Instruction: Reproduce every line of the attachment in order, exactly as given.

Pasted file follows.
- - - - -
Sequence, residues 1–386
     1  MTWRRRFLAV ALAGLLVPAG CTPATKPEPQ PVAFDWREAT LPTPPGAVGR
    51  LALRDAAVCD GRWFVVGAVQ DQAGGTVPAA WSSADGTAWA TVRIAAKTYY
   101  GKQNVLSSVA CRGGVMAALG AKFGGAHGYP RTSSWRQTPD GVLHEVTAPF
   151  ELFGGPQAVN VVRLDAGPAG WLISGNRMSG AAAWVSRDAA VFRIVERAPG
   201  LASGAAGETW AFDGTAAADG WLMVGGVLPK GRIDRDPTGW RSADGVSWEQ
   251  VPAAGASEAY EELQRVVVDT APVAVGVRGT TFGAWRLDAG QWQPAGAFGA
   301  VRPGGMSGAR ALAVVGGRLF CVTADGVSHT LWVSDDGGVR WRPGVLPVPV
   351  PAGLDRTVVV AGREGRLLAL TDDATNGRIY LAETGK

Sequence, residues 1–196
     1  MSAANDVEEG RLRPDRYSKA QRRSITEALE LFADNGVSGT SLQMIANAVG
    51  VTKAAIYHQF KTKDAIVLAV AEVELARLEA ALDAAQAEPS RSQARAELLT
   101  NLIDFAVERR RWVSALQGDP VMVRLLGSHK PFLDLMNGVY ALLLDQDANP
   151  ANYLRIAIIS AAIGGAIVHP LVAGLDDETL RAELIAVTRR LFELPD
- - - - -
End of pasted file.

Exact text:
Sequence, residues 1–386
     1  MTWRRRFLAV ALAGLLVPAG CTPATKPEPQ PVAFDWREAT LPTPPGAVGR
    51  LALRDAAVCD GRWFVVGAVQ DQAGGTVPAA WSSADGTAWA TVRIAAKTYY
   101  GKQNVLSSVA CRGGVMAALG AKFGGAHGYP RTSSWRQTPD GVLHEVTAPF
   151  ELFGGPQAVN VVRLDAGPAG WLISGNRMSG AAAWVSRDAA VFRIVERAPG
   201  LASGAAGETW AFDGTAAADG WLMVGGVLPK GRIDRDPTGW RSADGVSWEQ
   251  VPAAGASEAY EELQRVVVDT APVAVGVRGT TFGAWRLDAG QWQPAGAFGA
   301  VRPGGMSGAR ALAVVGGRLF CVTADGVSHT LWVSDDGGVR WRPGVLPVPV
   351  PAGLDRTVVV AGREGRLLAL TDDATNGRIY LAETGK

Sequence, residues 1–196
     1  MSAANDVEEG RLRPDRYSKA QRRSITEALE LFADNGVSGT SLQMIANAVG
    51  VTKAAIYHQF KTKDAIVLAV AEVELARLEA ALDAAQAEPS RSQARAELLT
   101  NLIDFAVERR RWVSALQGDP VMVRLLGSHK PFLDLMNGVY ALLLDQDANP
   151  ANYLRIAIIS AAIGGAIVHP LVAGLDDETL RAELIAVTRR LFELPD